The Mitsubishi Strada has been the Japanese brand’s entry into the crowded pickup market since time immemorial. Over the years, as the Toyota Hilux became more and more workman-like, the Strada slowly shed its work boots for something more suave. Suede instead of steel toe...leather instead of rubber--you get the picture. In other words, if you erred on the metro side, the stylish Strada was the pickup for you.
Challenging the convention that a pickup can't be both a workhorse and a fashion statement, the new Strada attempts to combine these two contrasting traits into one stylish yet utilitarian package. Can the Strada have its cake and eat it, too?
The Strada is a handsome pickup--that much is certain. Getting rid of the curvy lines flanking the sides of the previous generation, the new Strada has a more traditional, straight cut in its sheet metal, providing for an angular look when viewed from the side. Face the front, however, and your sight is immediately dominated by a chrome grille that serves as the maw, feeding air into the 2.5-liter turbodiesel engine.
Chrome accents on the side mirrors match that found on the grille, complementing the overall look of the truck. A chrome running board, 17-inch alloy wheels, and a bed-liner made from your typical black plastic balance the sheet metal out.
With a curvy face and a no-nonsense side profile, the Strada is definitely a looker. However, in some ways, the soft face and the hard sides tend to clash aesthetically, but beauty is in the eye of the beholder.
The interior of the Strada is all business. Monochromatic black plastic dominates the dash, while silver accents lend an air of sophistication to the arrangement. The manual-transmission shifter is appropriately tall with the old-school easy-select 4WD shifter sitting below the transmission stalk.
The leather-wrapped steering wheel is surprisingly small and easy to grip; its size and heft are reminiscent of Mitsubishi’s sedan offerings.
The fabric seats are more than adequate, and the driving position is ideal for both comfort and visibility. Rear-seat room leaves much to be desired, though it might just be the fact that I am well over 6ft tall. There was no space for me to fit behind the driver, as my knees would run up against the seatback.
The Strada comes equipped with a 2.5-liter variable-geometry direct-injection turbodiesel engine mated to a five-speed manual transmission. This combination puts out a respectable 176hp at 4,000rpm. But more than that, it also produces a massive 400Nm at a very low 2,000rpm. There is a surge of torque once the turbo spools up to around 2,700rpm, and as long as you shift to keep it in the power band, the power is more than adequate for any overtaking maneuver you might find yourself attempting on the highway.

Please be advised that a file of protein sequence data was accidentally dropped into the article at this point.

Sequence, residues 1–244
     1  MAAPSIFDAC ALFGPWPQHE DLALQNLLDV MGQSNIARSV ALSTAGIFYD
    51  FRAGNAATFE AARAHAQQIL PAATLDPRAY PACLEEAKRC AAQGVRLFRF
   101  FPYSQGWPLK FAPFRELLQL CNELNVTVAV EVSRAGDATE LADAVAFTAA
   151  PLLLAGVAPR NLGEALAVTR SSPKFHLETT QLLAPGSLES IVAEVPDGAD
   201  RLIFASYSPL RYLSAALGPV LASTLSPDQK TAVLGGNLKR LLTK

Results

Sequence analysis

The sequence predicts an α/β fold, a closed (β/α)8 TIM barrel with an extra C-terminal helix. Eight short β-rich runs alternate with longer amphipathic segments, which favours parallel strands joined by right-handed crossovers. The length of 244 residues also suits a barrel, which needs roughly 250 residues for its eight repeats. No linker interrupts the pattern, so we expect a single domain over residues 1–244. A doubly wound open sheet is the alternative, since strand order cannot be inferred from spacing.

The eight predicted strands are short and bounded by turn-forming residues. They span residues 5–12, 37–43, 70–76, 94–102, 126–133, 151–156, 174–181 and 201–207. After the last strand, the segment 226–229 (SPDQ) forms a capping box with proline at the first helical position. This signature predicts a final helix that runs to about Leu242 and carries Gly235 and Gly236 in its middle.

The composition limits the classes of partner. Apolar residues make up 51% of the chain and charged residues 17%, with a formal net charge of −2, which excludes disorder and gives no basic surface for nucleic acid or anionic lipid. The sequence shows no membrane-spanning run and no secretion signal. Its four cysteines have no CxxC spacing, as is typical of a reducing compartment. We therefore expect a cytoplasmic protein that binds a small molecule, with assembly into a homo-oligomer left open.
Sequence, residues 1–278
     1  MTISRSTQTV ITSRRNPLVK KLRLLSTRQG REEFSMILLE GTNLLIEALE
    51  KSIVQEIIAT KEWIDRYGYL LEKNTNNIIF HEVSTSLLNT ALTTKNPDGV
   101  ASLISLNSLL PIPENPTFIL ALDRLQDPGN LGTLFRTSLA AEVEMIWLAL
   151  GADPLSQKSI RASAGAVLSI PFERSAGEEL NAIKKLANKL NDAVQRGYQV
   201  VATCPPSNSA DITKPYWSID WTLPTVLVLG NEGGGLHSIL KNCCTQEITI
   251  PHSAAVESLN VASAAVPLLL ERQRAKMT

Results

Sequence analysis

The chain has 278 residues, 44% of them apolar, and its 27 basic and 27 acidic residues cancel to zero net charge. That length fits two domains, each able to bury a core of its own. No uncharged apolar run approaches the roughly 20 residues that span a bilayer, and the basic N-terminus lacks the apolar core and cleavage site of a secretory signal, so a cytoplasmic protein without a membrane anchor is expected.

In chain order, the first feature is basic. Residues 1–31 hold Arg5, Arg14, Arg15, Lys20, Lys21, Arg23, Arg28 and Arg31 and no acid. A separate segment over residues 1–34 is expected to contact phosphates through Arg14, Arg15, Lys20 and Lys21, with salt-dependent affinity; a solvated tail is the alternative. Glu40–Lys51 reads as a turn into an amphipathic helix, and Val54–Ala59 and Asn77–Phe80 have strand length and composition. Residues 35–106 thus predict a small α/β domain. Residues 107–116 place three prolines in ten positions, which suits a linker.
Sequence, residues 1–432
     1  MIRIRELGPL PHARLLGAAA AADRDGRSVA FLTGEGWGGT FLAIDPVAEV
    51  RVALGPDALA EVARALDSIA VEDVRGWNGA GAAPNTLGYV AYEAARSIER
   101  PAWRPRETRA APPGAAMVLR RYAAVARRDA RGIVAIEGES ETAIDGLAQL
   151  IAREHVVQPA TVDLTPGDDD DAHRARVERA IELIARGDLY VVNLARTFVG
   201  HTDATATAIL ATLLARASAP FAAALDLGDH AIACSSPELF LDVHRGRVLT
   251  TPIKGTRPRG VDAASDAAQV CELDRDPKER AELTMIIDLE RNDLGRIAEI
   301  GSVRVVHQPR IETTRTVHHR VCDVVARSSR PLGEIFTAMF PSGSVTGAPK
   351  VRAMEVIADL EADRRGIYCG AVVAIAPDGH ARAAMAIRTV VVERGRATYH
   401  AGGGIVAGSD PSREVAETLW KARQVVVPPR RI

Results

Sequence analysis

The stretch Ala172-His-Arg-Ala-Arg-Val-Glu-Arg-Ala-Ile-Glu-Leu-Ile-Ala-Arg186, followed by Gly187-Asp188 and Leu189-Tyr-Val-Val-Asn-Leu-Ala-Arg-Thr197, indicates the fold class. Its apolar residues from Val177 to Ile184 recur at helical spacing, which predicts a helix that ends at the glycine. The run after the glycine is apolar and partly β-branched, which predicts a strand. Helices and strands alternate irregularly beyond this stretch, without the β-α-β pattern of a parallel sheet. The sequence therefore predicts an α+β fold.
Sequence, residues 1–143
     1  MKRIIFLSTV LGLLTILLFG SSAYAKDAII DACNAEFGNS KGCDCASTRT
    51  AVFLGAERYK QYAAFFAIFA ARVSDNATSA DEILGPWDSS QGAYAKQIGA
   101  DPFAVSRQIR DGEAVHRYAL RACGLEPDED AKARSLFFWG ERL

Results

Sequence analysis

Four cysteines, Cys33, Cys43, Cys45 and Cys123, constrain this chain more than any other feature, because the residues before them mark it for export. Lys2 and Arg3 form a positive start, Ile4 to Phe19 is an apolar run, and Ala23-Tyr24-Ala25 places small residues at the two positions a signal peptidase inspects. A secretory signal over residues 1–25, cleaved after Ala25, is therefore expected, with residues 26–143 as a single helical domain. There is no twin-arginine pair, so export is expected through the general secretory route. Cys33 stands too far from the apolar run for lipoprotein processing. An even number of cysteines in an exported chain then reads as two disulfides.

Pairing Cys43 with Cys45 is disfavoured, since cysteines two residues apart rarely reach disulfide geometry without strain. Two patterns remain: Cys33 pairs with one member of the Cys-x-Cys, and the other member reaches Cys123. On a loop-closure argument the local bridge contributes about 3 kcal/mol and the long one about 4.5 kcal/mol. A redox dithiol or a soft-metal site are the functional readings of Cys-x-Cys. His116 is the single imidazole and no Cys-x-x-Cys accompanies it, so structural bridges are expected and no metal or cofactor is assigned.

RIDE AND HANDLING
For a pickup, the Strada is quite composed on normal roads. The double-wishbone front suspension is balanced by a rigid elliptical leaf spring at the rear. Despite this, it lacks the telltale signs of an unladen pickup bed, riding smooth and stable over slight imperfections and during cornering.
Off-road (i.e. Ortigas Extension in Rizal), the Strada easily rolls over potholes and bumps, only succumbing to some truly deep excavations that would upset any vehicle short of a monster truck.
The brakes have a tendency to be quite grabby. It took me a day or two to get used to them, but after acclimatizing to my feet, they stopped the pickup consistently and powerfully each time we called upon them.
The Strada has an interesting assortment of gadgets. There is a smart key system for hassle-free entry, as well as a push-to-start button. Buttons for the cruise control and the audio settings are within easy reach on the sides of the steering wheel, and the center view is dominated by a 6.75-inch touchscreen that hosts the radio, the backing-up camera, the tire pressure monitoring system (a Mitsubishi staple!), and the DVD player.
The spec sheet lists that the Strada has both USB and auxiliary ports, but for the life of us, we could not find these to plug our gadgets into (it could have just been bad eyesight). In contrast, the Bluetooth audio was easy to set up and worked like a charm, seamlessly letting us stream our music and answer incoming calls.
The head unit also features a Wi-Fi display that supposedly allows you to connect your gadget to the car's Wi-Fi network. We say supposedly because we could not get it to work with our iPhone 6S Plus, but again, that may have just been down to our hardware settings or a magic button that we forgot to press.
The Strada straddles the line between being a stylish city explorer and a brutish workhorse, and for the most part, it succeeds. It has good power and it drives and handles well. But it is somewhat let down by a feature-rich but hard-to-use multimedia system. If Mitsubishi could work out the kinks in the head unit, we are sure the Strada would be ready to take its place in the hotly contested pickup segment.
SPECS: MITSUBISHI STRADA 2.5 GLS V 4x4 MT
Engine: 2.5-liter DOHC I4 turbodiesel
Transmission: 5-speed manual
Power: 176hp @ 4,000rpm
Torque: 400Nm @ 2,000rpm
Drive layout: 4WD
Photos by Carlo Chungunco